Une intervention d'oncle Douglas Crockford, c'est toujours un succès.
Les retardataires peuvent se tourner vers :
J'aime bien Crockford car il n'a pas la langue dans sa poche et parce qu'il est grave quotable :)
Morceaux choisis de la transcription avec des liens ajoutés par moi. Si vous voulez un truc moins lourd, regardez les slides de la présentation.
The committee had been working for several years pursuing a design that had begun at Netscape in 1999. That project had been abandoned, but was restarted again because of the big interest in Ajax.
All this time ECMA was really worried, because ECMAScript is the most successful product at ECMA. [...] ECMA demands consensus, and properly so. So the ECMA Secretary General and the ECMA President both began attending our meetings, which was really nice because with that adult supervision there, everybody started behaving more. Civility was restored and we were able to agree on more stuff.
While that was going on, we were able to finish ES3.1 [...]. It is now a candidate to become the fifth edition of ECMAScript. We chose not to call it the fourth edition because there's an understanding in the world about what ES4 is, and what we were doing was nothing like that. So to avoid that confusion we skipped to the next whole number, so it's ES5. That goes before the General Assembly in December and I'm optimistic that it will be approved then. If so, it will become the next ECMAScript standard.
One company has stated its intention to vote against it, and that company is IBM. The issue is decimal arithmetic.
Et oui, le fameux Floating Point. S'ensuit une longue partie technique à propos de l'implémentation de la représentation des nombres à virgule flottante dans ECMAScript où l'on aborde l'IEEE 754, ses révisions et les multiples pistes étudiées pour améliorer ce point. Et puis on peut lire une petite pointe d'humour :
So it was really difficult to write programs that would be portable across all of those computers. Today is doesn't much matter because it's all Intel, so who cares...
We're not calling it ES6 because we want to avoid names which suggest that something is inevitable, or pre-approved, or has some status which it has not earned yet, such as HTML 5 or something like that.
...et des wannabe ninjas (N.B. pire que des wannabe blogueurs) :
[...] there's a lot of pressure on us to suck less, which turns out to be really hard to do. There are so many wannabe ninjas out there who are taking the bad parts and the awful parts and showing how they can do all these clever things with them, and doing that means that we can't remove those awful features. Now, you could argue that they deserve to have their programs broken, or their legs broken...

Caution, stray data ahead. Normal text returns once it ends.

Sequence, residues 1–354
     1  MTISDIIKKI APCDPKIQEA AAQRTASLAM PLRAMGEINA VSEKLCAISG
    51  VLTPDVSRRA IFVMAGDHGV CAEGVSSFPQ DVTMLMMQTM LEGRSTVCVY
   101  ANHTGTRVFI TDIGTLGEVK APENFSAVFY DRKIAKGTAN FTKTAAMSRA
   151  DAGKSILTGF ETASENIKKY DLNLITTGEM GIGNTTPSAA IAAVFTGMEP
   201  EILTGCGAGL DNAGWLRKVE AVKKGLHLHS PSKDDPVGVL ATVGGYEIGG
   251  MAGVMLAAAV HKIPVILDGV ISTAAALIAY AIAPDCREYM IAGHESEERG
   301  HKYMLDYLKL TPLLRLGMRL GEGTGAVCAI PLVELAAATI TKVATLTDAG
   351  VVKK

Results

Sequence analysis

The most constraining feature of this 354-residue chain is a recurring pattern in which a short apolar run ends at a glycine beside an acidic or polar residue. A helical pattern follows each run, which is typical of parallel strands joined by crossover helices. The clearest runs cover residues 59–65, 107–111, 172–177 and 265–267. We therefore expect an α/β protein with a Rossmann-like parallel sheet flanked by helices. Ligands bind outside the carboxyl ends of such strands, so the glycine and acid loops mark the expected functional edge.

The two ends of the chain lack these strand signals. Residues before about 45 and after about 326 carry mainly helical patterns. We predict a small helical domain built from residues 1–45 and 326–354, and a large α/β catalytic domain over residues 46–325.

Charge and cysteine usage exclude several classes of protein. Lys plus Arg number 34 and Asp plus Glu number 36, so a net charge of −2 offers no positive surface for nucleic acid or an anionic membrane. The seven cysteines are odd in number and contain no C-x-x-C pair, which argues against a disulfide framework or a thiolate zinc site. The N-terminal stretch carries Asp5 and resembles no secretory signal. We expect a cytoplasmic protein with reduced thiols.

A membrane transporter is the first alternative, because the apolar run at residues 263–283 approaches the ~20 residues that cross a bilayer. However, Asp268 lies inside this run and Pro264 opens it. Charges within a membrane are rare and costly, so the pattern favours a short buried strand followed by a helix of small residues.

They've been asking us to do things like add 'goto' to the language. [...] I don't want to be bringing it back, I think that would be a terrible thing.
Basically, we'll have Caja's strength native in the language itself, which would be a wonderful thing.
We still have to fix the DOM, because the DOM is still crap, but at least there's a good chance we can fix the language now. The DOM, incidentally, is going in exactly the opposite direction of what we need in order to make it safe for all of us, so that's another problem.
So one of the lessons is that patents and open systems are not compatible. I think the solution to that incompatibility is to close the Patent Office.
The success of an enterprise should depend on the quality of its goods and services and its ability to execute efficiently, and not on a capricious Government office. The patent system made sense in the 18th and 19th century, it really did. They helped us to become a very innovative country, made us very good in manufacturing and process, but it has long outlived its usefulness and we need to change it. Patents can be attractive in that if you can get a patent and then snag a competitor with it, you can get some free money, and that's attractive. But you can get snagged on someone else's patent, and then you have to pay it back. There's a good chance that both of you are going to get snagged by a patent troll. So it's gambling, basically. It's a casino, and you hope that at the end of the day you win, but in the long term you lose. Nobody wins except the lawyers.